Learn About: 21st Century | Charter Schools | Homework
Home / Edifier


The EDifier

September 29, 2014

New CPE study examines background, outcomes of high school graduates who don’t advance to college

2014-320_CPE_HP_slider2 The Center for Public Education is pleased to present The Path Least Taken, the first installment of a series that looks at the characteristics and outcomes of high school graduates who don’t go on to college.

Jim Hull, CPE’s senior policy analyst, sifted through data from the National Center for Education Statistics’ Educational Longitudinal Study of 2002 and found new insights into this segment of the population (Spoiler: the percentage of non-college-goers is smaller than we thought) and a new format to showcase these findings. You can find the full report here, along with other extras.






September 25, 2014

An increase in student homelessness

The National Center for Homeless Education reported that there were a total of 1.3 million homeless public school students in the United States during the 2012 – 2013 school year. The number of homeless students increased 8% from the previous year and 85% since the beginning of the recession. This number includes students whose families are sharing homes and students who are living in shelters, hotels, motels or without shelter altogether.

For the first time, the U.S. Department of Education asked the students whether they were living with their parents and recorded that 76,000 homeless students were “unaccompanied.” These unaccompanied minors face greater threats of physical and sexual abuse and exploitation.

EdWeek has reported that the increase in homelessness can be explained by “an inadequate supply of public housing and assistance, growing rent costs, and relatively flat income levels in recent years.” Furthermore, this information has prompted child welfare advocates to push for the passage of the Homeless Children and Youth Act, which would expand the definition of homelessness, remove federal restrictions, and require better data and information on homeless individuals.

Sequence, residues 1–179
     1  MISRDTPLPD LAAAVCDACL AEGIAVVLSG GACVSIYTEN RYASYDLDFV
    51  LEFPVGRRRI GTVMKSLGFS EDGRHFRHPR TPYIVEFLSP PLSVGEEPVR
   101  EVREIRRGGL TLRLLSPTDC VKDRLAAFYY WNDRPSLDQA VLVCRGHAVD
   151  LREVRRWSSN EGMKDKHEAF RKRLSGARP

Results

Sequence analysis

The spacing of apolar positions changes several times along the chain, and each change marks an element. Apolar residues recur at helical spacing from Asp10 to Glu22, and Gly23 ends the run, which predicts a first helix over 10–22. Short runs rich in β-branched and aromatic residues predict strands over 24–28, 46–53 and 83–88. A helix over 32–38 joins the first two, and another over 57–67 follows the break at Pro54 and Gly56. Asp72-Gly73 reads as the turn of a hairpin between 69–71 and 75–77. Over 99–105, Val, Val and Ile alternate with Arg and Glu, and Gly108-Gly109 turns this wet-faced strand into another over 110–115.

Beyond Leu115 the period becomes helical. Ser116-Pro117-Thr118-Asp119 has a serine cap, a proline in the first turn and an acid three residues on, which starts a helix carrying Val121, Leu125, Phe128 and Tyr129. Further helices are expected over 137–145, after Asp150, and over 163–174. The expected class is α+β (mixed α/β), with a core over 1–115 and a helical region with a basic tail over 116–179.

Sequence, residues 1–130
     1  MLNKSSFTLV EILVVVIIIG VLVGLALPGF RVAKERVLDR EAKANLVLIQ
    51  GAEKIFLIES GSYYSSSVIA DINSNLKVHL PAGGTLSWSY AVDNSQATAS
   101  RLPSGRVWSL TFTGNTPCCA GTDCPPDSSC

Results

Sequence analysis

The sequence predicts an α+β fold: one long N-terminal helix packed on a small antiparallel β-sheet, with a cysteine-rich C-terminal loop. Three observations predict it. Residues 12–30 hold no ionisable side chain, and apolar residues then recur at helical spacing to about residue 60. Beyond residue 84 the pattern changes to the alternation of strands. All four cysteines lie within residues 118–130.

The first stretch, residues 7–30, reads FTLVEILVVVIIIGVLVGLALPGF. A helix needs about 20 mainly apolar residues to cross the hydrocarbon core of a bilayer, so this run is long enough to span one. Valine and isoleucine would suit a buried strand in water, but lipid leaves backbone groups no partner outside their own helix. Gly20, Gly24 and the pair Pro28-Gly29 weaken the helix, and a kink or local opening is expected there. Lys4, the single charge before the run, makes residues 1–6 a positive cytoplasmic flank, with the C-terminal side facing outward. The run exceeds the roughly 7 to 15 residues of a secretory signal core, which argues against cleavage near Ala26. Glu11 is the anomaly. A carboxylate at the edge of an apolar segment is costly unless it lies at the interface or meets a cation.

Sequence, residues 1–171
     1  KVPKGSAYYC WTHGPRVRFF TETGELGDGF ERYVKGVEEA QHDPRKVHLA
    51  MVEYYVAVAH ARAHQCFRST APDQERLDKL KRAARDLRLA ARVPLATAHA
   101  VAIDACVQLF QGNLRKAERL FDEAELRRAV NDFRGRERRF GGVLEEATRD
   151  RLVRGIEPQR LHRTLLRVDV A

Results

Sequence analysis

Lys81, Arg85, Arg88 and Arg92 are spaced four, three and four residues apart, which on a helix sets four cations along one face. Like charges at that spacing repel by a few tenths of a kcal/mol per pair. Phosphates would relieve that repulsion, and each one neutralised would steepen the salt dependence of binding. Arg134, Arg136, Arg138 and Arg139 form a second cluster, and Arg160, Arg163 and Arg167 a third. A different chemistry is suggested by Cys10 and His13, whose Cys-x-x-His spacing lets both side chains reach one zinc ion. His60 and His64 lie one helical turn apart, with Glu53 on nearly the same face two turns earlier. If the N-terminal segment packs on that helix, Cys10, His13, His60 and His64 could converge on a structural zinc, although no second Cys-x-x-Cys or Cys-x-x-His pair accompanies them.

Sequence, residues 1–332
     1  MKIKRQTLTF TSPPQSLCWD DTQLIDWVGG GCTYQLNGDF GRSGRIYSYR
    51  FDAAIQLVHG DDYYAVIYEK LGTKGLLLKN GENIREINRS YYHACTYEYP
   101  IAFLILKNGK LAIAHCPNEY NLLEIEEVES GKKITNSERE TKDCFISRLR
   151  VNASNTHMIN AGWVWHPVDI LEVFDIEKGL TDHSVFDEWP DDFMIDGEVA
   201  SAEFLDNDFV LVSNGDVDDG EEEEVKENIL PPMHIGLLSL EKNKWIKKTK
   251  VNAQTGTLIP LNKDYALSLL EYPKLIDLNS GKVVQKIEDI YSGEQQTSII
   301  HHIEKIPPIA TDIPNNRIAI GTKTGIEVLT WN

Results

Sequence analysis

This last piece of the proposed legislation is important because the numbers released by the NCHE tend to underestimate the number of homeless students, who may be embarrassed to talk about their living situation. Additionally, CNN Money reported that part of the increase in homeless students could be explained by more accurate measures of homelessness. Regardless, it is still apparent that the number of homeless students continues to rise in the wake of the recession.






September 23, 2014

What animation looks like from the beginning

Have you seen our latest animated creation? If you haven’t take a look.

Is It Worth It from Center for Public Education on Vimeo.

Hard to imagine, the process began like this over a year ago:

Earlysketches_Part1EarlysketchesPart2

Many thanks to our animator, Bart Collart, for bringing our ideas to life.

Filed under: CPE,Data,Public education — Tags: , , — NDillon @ 11:59 am





September 19, 2014

Proposed changes to TFA program are response to criticisms